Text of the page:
Sun | Aug 19, 2018

The Wright View | Not in approval

Published:Tuesday | August 30, 2016 | 12:00 AM
Usain Bolt (right) being congratulated by prime minister of Jamaica at the time, Bruce Golding, folowing the investiture of the Order of Jamaica upon Bolt, during the presentation of National Honours and Awards on the lawns of King’s House on National Heroes Day in 2009.

Usain Bolt does not need anyone to embellish his achievements as the world's greatest athlete.

By winning gold in the 100 metres, 200 metres and the 4x100m relay at the Rio Olympics, he completed the triple-triple of gold medals won in three consecutive Olympic Games.

A legend in his own time, in doing so he has brought unmitigated joy to his people (fellow Jamaicans) not only during the Olympics and World Championships, but also in his every public appearance, where his persona and sayings have inspired adults and children from every country that sends athletes to athletic events.

Sponsors are literally falling over themselves to have him associated with their products, to the extent where the seldom used 'contract-for- life' clause now seems to be an integral part of any future sponsorship deal.

Back at the ranch (here in Jamaica), commentators have been jostling to provide the idea behind a suitable reward to this great man. Land, money, statue, his birthday being designated a National Holiday (similar to Christmas) and National Hero status have all been put forward for the Government to contemplate, before the 'Big Man' himself returns home.

Significantly, his final race in Rio, the 4x100-metre relay, was followed by celebrations, not only for the historic triple-triple, but for his 30th birthday.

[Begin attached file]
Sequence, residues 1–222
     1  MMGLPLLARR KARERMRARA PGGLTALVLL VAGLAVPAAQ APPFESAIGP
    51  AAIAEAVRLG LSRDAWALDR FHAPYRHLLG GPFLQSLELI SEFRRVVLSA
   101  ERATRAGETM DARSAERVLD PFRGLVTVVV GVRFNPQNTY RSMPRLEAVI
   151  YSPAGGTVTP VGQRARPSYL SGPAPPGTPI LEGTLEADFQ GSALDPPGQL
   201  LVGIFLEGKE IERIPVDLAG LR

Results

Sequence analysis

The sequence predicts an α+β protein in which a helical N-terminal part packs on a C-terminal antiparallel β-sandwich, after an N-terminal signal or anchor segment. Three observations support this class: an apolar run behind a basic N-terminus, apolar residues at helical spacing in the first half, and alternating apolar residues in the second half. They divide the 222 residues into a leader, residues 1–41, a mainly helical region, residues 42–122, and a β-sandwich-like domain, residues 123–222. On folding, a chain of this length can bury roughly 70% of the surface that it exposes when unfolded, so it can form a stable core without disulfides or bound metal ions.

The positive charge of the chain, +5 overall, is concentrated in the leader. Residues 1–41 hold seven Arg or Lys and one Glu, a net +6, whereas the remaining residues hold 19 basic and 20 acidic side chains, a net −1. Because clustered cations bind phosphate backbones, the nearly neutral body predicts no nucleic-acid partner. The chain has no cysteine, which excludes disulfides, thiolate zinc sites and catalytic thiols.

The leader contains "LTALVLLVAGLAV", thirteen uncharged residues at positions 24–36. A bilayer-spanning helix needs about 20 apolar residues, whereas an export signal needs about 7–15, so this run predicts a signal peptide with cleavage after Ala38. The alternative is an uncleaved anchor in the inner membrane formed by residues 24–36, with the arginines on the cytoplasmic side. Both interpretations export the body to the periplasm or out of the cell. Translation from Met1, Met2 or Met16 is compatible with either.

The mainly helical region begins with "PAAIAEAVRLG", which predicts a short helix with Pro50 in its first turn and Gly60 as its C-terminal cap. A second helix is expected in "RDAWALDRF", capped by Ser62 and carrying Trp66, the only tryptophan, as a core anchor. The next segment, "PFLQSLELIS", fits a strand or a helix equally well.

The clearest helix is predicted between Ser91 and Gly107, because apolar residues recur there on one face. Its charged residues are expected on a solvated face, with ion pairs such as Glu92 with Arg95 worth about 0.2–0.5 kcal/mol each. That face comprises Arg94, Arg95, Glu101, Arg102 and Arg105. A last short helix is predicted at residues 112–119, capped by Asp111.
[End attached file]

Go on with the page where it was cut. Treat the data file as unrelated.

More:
What a coincidence, what joy. Could life for the 'Big Man' get any better?

With money to burn, mother and father presumably on their way back to Jamaica, alleged 'girlfriend' in Jamaica posting pictures of 'generous gifts', etc., and announcing that Rio would be his last Olympics, now is the time to 'bruk out'. And 'bruk out' he did!

With 'paparazzi' and other media practitioners thirsty for any news concerning this worldly sensation, our man in Rio didn't disappoint.

The world and Jamaica were soon regaled by selfies, videos, stories of trips from bars and night clubs to hotels and apartments, in both Rio and London.




True to his word, where he is quoted as saying some years ago "if you are famous, you need to have a family - that's what they need to sell in Britain. I don't know why. It's respectability. But I am not English! I am Jamaican! We have a totally different culture ... Jamaican culture is different, when you look at women and men having more than one ... It's different."

Usain Bolt is right. In Jamaica IT IS DIFFERENT. But is that what we want our 'hero' to portray not only in word, but deed?

What went on in Rio and London, is that to be the modus operandi of a man who may have his birthday declared a National Holiday (as is Christmas), who may be designated a National Hero and have statues of him placed in Sherwood Content, Falmouth and the National Stadium?

Popular sentiment seems to be "low the man, him single and him rich, him deserve to party".

I think not. To date, however, only retired former Prime Minister, Bruce Golding, has issued a public statement of concern re the actions of Bolt.

Mr Golding is quoted as saying: "I know he is smart and responsible enough to understand that he carries on his shoulders and IN HIS PERSONA (my emphasis) the pride and adulation of millions of Jamaicans here and abroad, and I know him well enough to assert that he would never want to let them down."

All the other leaders in politics, religion and sports have kept a deafening silence.

I don't approve of his actions!

The power that Usain Bolt has over millions of children, not only in Jamaica, but throughout the world (see his ads during the Olympics) demands that our leaders and other influential Jamaicans SAY SOMETHING!

I am hoping that this is a one-off aberration and that soon, very soon, the 'old' Usain will say "I am sorry" and move on with his life.

We must have the moral courage to stand up and say "stop it Usain, stop it".